Product Teams

Interviewing for Product Management is an Art

Published Jan 27, 2016
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Finding the right people for your team is an art. And true to artistic stereotype, suffering through the interviews can be agony–both for the interviewer and the interviewee. Short of cutting off your own ear, it pays to spend some time anguishing over the technical and emotional needs for the position.

Trust me, you’ll be more uncomfortable—and so will your team—letting the wrong person go, than you will spending a little extra time or money making sure the right person gets hired in the first place. Here are three categories of questions to get you started:

Problem solving/skill sets:

  1. Describe an assumption you once held about a product you managed that was proven completely false. How did you respond?
  2. Describe a cognitive bias that product managers frequently fall victim to. Why?
  3. If you were to create and share a product manager evaluation report card with a cross-functional team, what 5 aspects would be be graded?
  4. Describe how you have used both qualitative and quantitative data in the past.
  5. When jumping between the forest and the trees, how do you effectively change context?
  6. What makes a viable experiment? Describe an experiment you conducted, your methodology, and a summary of those findings.
  7. What is the difference between user experience and design?
  8. How do you handle a rapidly changing environment?
  9. What is your general approach to story decomposition? When do you diverge from the traditional story template? How? Why?
  10. You are entering a new domain / competitive landscape. You are asked to get up to speed in 5 days. How do you analyze a market and opportunity? Describe your methodology.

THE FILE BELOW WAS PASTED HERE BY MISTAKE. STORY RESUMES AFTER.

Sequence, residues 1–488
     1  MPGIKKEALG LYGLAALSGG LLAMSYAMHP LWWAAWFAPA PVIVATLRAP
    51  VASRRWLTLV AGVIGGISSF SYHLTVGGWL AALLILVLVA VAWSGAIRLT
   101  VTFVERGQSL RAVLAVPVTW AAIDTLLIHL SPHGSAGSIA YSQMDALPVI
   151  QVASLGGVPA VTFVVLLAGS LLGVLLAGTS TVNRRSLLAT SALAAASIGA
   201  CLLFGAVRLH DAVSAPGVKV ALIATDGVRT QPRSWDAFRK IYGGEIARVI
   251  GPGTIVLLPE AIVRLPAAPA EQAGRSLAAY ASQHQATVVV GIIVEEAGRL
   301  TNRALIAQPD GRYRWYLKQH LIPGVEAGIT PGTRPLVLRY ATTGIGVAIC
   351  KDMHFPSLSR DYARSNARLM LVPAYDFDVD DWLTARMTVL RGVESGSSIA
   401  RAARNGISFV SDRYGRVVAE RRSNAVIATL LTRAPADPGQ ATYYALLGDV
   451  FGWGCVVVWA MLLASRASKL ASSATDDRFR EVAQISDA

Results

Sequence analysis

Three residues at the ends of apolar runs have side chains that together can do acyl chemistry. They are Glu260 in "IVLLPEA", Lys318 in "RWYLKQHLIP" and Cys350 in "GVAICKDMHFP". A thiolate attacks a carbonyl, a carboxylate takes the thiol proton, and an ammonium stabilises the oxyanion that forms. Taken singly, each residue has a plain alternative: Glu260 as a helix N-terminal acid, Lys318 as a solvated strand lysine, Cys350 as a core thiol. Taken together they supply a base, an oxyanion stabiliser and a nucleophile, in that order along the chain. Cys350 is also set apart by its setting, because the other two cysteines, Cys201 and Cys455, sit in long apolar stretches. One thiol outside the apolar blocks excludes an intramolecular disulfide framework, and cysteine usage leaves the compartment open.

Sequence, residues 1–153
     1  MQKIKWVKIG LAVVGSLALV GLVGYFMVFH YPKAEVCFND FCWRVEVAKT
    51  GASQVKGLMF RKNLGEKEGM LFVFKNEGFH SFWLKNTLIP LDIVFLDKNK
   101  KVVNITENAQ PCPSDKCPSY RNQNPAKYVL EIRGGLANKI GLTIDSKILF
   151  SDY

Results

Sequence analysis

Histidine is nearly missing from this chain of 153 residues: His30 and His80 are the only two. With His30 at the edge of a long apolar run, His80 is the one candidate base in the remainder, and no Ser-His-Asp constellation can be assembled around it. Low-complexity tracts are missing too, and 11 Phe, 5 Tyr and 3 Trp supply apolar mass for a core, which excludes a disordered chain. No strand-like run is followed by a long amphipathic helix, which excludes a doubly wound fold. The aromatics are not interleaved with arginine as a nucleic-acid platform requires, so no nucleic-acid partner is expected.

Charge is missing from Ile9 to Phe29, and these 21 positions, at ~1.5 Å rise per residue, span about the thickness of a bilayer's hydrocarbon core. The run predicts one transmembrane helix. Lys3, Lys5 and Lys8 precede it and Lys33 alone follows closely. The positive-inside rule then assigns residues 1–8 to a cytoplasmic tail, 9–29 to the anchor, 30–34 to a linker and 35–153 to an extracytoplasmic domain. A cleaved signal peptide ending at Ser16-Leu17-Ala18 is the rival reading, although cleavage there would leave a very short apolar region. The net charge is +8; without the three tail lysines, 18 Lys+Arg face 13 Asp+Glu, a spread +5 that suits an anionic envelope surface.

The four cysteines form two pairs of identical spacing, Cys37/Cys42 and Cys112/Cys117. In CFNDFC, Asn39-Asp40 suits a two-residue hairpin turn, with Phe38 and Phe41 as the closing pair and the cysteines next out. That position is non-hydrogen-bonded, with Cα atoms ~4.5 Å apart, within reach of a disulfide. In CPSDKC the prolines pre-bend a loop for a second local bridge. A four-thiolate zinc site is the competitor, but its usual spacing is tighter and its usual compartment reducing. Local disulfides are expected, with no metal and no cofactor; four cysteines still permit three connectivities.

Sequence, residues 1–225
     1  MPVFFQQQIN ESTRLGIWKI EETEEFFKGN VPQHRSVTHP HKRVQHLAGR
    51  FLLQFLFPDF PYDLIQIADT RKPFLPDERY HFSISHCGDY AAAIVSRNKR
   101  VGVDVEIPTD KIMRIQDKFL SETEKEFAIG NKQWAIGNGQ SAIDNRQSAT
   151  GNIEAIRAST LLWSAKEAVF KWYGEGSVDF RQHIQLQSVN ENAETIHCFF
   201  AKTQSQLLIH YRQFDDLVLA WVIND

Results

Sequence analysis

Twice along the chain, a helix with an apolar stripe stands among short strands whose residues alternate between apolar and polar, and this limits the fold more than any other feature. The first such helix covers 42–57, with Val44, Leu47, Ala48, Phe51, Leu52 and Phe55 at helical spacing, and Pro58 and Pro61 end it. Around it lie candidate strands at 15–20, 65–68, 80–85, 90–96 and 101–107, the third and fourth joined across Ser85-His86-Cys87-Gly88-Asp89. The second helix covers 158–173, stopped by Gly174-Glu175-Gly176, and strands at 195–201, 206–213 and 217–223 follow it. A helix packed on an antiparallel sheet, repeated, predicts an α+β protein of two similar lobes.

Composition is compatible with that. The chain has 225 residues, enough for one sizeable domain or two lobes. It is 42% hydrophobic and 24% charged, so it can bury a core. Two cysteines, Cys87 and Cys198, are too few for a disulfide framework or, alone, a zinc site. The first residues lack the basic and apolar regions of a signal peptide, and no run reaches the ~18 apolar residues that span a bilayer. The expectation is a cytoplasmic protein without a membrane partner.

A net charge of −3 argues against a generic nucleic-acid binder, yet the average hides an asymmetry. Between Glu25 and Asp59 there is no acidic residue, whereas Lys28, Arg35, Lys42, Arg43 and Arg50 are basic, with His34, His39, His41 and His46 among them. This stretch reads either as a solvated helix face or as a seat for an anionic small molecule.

Team dynamics:

  1. How do you approach forming trusting relationships with engineers and designers?
  2. How do you want to be remembered by the engineers and designers you work with? What will they single out as defining traits?
  3. How do you handle situations where the team pushes back on your decision?
  4. What’s the best or worst team project you have worked on? What made it great/terrible?
  5. Describe the ideal team.


  1. When can you trust your intuition? When do you distrust your intuition?
  2. Do you regard yourself as a planner, a visionary, a doer, an analyst, or an advocate and why?
  3. In four years where do you want to be? What are your opinions on career advancement within a product team?
  4. What energizes and inspires you about your work? What parts drag you down?
  5. If you were to do one other job at a software development company or anywhere, what would it be?

So, before your first round of interviewees shows up looking more nervous than a 15-year-old on a first date: take a deep breath, pull yourself together and think about A) what you really want in a candidate and B) what you really need. Above all, have empathy for the person across the table. They want this relationship to work out well just as much as you do.

On the interviewee side: How can you make sure this company, and this team are people you really, really, really want to spend 8+ hours of your life with almost every day? Speed dating is not an option. (Hint: there’s a few great tips from our senior product manager, John Cutler).

Share some of the best and worst interview questions you’ve ever been asked with us and we’ll add them here. Subscribe to our blog so you don’t miss those updates, plus our regular blog of great PM tips and stories delivered right to your inbox every week.